Now some fresh pickings from the Political Grapevine:
A Miami-based artist has been forced to paint over Barack Obama's face on a mural. Serge Toussaint was paid $3,000 by the Liberty City Community Revitalization Trust to complete a Martin Luther King Jr. themed piece as part of a beautification project.
The project was supposed to include a mural of blue skies, clouds and quotes from Dr. King along MLK Boulevard. But Toussaint added a painting of Obama to the mural arguing, "What's the point of painting Martin Luther King Jr. if you can't paint his dream?"
But the Florida Department of Transportation received complaints that the painting was an unfair political endorsement. Toussaint has since painted over Obama's face, but says he has gotten an earful about using white primer. He says he is being accused of "whitewashing" Obama.
Out of Sync
Colin Kahl, a key adviser to Barack Obama's campaign, is recommending that 60-80,000 troops should be kept in Iraq as late as 2010. That is at odds with Obama's pledge to withdraw forces from Iraq within 16 months of taking office.
According to The New York Sun, Kahl wrote a paper for the Center for New American Security which states, "the U.S. should aim to transition to a sustainable over-watch posture of perhaps 60,000 to 80,000 by the end of 2010."
Kahl is the day-to-day coordinator of Obama's working group on Iraq, but says his written views have nothing to do with the senator's campaign. Foreign policy adviser Susan Rice has said that Obama's pledge is a goal — not a commitment — and that advice from the military and facts on the ground will weigh heavily on troop movements.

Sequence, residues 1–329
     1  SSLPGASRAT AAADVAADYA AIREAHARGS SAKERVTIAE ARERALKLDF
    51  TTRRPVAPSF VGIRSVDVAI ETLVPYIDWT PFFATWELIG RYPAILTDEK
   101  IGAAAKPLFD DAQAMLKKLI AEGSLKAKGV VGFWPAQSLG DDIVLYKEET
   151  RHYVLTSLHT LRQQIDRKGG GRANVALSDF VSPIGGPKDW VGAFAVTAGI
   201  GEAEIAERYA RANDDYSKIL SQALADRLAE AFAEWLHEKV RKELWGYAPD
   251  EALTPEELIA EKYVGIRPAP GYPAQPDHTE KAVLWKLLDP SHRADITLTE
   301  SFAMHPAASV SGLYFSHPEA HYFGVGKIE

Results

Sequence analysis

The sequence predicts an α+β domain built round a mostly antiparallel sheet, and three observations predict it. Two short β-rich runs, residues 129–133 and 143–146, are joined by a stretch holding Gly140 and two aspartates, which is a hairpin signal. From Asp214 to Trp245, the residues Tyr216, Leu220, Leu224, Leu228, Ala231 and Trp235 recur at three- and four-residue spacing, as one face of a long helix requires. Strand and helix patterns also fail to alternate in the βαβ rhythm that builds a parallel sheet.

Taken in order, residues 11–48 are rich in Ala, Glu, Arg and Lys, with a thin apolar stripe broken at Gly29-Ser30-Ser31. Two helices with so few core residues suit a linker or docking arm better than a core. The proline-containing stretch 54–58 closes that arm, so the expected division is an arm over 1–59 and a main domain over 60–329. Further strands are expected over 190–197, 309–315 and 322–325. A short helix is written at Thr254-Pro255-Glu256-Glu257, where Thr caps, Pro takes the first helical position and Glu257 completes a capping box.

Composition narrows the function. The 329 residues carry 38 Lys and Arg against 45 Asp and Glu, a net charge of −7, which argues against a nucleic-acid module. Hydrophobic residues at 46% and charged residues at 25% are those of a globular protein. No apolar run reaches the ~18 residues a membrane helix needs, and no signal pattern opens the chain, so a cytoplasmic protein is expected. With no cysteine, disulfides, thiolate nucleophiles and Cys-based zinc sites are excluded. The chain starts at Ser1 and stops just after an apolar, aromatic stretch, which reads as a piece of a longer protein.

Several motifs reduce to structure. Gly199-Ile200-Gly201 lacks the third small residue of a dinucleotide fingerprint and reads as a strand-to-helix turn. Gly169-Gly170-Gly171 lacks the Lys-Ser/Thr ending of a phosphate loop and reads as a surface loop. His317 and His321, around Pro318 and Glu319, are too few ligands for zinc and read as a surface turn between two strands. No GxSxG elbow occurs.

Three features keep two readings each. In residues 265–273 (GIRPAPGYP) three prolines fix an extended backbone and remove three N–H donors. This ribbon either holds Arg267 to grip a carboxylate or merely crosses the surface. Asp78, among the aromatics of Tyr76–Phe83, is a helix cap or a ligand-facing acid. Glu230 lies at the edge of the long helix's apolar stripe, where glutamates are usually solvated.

Global temperatures will drop slightly this year as a result of the cooling effect of La Nina air and ocean currents in the Pacific. That's according to the United Nation's chief meteorologist Michelle Jarraud. This means that global temperatures have not risen for a decade and Jarraud says the data cast further doubt on some global warming theories.
Jarraud told the BBC that La Nina will continue into the summer, causing temperatures across the globe to drop by a fraction of a degree. The phenomenon has contributed significantly to this year's torrential rains in Australia and some of the coldest temperatures on record across China.
Picture Not So Perfect?
White House officials are criticizing The New York Times for publishing a photo they see as editorially unfair.
Accompanying an article on Friday about this week's NATO summit in Romania, The Times included a very large photo — almost half a page in size — that showed President Bush standing somewhat alone. The shot was taken moments before the NATO group photo, as leaders were looking for their positions on the platform. But President Bush had obviously found his.
White House deputy press secretary Tony Fratto said, "Only The New York Times would choose a photo of the president standing alone during a week when NATO allies instead stood shoulder-to-shoulder with him on our security policies."
President Bush achieved two major goals during this week's summit: NATO leaders unanimously endorsed the proposed U.S. missile defense system in Europe and agreed to provide more troops for the war in Afghanistan.
— FOX News Channel's Martin Hill contributed to this report.